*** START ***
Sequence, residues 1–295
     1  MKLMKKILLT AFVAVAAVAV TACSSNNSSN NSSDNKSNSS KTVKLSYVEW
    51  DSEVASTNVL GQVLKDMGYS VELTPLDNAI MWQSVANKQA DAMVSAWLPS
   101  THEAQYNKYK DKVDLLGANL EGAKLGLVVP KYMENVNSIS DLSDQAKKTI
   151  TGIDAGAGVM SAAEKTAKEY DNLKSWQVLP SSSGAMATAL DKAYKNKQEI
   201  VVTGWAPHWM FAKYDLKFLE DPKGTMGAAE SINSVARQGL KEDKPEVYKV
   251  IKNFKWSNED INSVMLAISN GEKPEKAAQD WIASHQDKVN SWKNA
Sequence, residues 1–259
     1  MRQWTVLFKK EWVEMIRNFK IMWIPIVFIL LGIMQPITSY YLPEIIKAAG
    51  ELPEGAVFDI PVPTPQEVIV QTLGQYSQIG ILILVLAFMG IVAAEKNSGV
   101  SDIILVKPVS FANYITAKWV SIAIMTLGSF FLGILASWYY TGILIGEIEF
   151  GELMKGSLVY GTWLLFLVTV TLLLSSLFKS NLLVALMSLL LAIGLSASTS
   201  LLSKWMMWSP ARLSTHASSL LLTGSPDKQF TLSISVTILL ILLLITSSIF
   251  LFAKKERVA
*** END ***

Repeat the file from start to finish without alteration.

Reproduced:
Sequence, residues 1–295
     1  MKLMKKILLT AFVAVAAVAV TACSSNNSSN NSSDNKSNSS KTVKLSYVEW
    51  DSEVASTNVL GQVLKDMGYS VELTPLDNAI MWQSVANKQA DAMVSAWLPS
   101  THEAQYNKYK DKVDLLGANL EGAKLGLVVP KYMENVNSIS DLSDQAKKTI
   151  TGIDAGAGVM SAAEKTAKEY DNLKSWQVLP SSSGAMATAL DKAYKNKQEI
   201  VVTGWAPHWM FAKYDLKFLE DPKGTMGAAE SINSVARQGL KEDKPEVYKV
   251  IKNFKWSNED INSVMLAISN GEKPEKAAQD WIASHQDKVN SWKNA
Sequence, residues 1–259
     1  MRQWTVLFKK EWVEMIRNFK IMWIPIVFIL LGIMQPITSY YLPEIIKAAG
    51  ELPEGAVFDI PVPTPQEVIV QTLGQYSQIG ILILVLAFMG IVAAEKNSGV
   101  SDIILVKPVS FANYITAKWV SIAIMTLGSF FLGILASWYY TGILIGEIEF
   151  GELMKGSLVY GTWLLFLVTV TLLLSSLFKS NLLVALMSLL LAIGLSASTS
   201  LLSKWMMWSP ARLSTHASSL LLTGSPDKQF TLSISVTILL ILLLITSSIF
   251  LFAKKERVA